Flipping her fins has gotten Jill D’Entremont pretty far, including earning her a spot in the Children’s Arts + Literacy Festival parade as a real-life mermaid, while her voice – currently not stolen by a sea witch – has helped her bring joy to many as part of Abilene’s Celebration Singers.
In addition, D’Entremont’s creativity and artistic accomplishments have brought life and personality to City departments while her own flights of fancy take her wherever her mind can travel – whether it be underwater, the depths of prehistory, or the wilds of space.
D’Entremont is the City's Interactive Media Specialist and Webmaster, a “fancy way of saying graphic designer,” she joked.
“It's generally just getting requests from all over the City for signs, billboards, graphics, websites or social media, and just kind of taking them all in, researching them and setting up campaigns – or whatever is needed,” she said. "It’s basically ‘Come to me for all the things, and I will make your stuff."
D’Entremont likes the variety her job offers her.
“You never know what you may end up doing,” she said. “ I just love making things, and I love helping people – and seeing the reactions to the things I’ve made.”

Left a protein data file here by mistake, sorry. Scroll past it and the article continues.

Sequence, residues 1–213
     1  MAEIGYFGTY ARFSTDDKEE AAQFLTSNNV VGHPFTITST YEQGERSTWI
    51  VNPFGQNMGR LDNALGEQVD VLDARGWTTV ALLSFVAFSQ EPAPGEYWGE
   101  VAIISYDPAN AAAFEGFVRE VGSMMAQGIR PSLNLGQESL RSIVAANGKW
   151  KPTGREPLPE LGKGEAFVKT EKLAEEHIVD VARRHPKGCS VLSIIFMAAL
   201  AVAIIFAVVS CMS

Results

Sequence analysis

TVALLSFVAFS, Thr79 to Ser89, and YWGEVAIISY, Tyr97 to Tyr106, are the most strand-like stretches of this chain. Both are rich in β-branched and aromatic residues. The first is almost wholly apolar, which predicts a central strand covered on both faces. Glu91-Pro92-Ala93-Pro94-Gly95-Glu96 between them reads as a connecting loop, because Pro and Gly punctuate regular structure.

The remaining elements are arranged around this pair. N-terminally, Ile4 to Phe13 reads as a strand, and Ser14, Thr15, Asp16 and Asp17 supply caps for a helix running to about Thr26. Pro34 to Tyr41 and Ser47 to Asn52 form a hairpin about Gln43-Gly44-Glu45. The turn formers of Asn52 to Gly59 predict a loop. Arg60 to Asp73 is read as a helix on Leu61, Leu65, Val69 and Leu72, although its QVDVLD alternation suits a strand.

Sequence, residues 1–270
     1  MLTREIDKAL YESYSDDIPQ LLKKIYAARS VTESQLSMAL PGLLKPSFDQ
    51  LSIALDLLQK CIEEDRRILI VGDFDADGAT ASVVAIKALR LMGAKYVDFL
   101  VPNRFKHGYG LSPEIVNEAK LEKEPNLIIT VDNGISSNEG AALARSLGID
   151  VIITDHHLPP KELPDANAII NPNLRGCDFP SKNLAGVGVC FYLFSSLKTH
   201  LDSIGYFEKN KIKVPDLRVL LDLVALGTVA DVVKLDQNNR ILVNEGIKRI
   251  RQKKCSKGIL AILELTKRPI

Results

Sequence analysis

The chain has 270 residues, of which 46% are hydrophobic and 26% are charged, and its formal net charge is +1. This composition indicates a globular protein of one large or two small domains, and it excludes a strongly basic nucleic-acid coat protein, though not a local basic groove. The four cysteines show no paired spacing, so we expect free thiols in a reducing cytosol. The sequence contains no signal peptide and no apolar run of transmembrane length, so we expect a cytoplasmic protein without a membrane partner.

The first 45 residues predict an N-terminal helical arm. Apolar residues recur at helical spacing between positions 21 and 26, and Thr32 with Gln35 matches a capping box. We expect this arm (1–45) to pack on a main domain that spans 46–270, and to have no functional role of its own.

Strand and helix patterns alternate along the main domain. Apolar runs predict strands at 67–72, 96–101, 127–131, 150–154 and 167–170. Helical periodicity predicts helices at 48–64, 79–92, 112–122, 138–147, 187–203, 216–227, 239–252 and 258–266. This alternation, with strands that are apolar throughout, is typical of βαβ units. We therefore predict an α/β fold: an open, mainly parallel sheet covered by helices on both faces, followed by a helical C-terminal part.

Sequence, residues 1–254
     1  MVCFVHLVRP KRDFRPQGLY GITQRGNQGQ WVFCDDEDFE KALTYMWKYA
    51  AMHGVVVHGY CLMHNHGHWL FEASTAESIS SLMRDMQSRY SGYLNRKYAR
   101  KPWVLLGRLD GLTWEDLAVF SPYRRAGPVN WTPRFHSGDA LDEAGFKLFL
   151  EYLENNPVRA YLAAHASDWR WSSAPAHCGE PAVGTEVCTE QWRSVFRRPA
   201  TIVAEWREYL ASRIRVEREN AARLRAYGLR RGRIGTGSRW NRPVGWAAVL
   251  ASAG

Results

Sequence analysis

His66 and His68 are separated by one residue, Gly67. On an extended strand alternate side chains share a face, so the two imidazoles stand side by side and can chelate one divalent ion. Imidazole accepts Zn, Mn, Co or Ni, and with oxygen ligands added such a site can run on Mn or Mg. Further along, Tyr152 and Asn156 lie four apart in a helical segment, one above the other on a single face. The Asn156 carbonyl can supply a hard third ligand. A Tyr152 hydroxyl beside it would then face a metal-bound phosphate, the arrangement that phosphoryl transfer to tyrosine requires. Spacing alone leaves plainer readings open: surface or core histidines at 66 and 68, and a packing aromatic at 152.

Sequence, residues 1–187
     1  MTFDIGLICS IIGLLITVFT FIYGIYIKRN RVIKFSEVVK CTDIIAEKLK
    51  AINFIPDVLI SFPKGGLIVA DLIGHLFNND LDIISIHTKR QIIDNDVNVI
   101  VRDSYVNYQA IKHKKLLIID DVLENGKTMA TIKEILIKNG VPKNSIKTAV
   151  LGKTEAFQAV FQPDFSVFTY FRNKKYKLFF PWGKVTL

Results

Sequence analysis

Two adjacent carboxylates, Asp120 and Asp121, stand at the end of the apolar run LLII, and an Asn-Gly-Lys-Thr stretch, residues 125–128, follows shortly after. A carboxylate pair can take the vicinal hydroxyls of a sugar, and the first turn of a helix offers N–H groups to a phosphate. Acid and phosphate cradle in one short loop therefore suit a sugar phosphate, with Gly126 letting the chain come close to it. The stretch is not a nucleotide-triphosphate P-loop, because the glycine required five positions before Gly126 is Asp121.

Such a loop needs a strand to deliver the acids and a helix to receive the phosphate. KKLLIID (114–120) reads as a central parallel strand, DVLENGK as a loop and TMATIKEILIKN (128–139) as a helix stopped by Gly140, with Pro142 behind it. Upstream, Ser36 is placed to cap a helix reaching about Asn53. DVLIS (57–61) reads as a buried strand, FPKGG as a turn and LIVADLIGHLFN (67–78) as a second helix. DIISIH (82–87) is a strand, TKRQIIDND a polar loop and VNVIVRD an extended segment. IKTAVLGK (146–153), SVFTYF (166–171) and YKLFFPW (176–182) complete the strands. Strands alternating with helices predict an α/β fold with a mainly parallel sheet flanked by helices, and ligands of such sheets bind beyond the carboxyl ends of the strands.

Work of art
D’Entremont was born and raised here in Abilene, though she also lived in Louisiana for about nine years, moving back to the area after Hurricane Katrina.
She went to Hardin-Simmons University, earning a degree in graphic design with a minor in fine art, and has lived here ever since.
“I’ve always liked drawing, ever since I was a small child,” she said. “That’s kind of an ongoing theme.”
A high school art teacher opened up the doors of creativity, letting D’Entremont know she had the potential to leverage her talent — and general desire to create – into a career.
Her encouragement led D’Entremont to attend the New Orleans Center for Creative Arts during her senior year of high school, a formative experience that not only showed her a path forward but also helped her find “her people.”
“Other people like me, nerdy art kids, exist!” she said.
D’Entremont’s earliest artistic influence came from cartoons, she said, especially offerings by Walt Disney and Cartoon Network.
Enamored of both the classical forms of Disney characters and the speed line-laden snappiness of Japanese animation, she describes her style as a blend of the two.
“I love the ‘Hunchback of Notre Dame,’ and ‘Treasure Planet,’ which are two (Disney films) that no one ever thinks about,” she said. “They’re great, but they’re not the traditional princess movie, and I think that's why they don't get the same level of attention. But the storytelling is just amazing, and the songs in ‘Hunchback’ are fantastic.”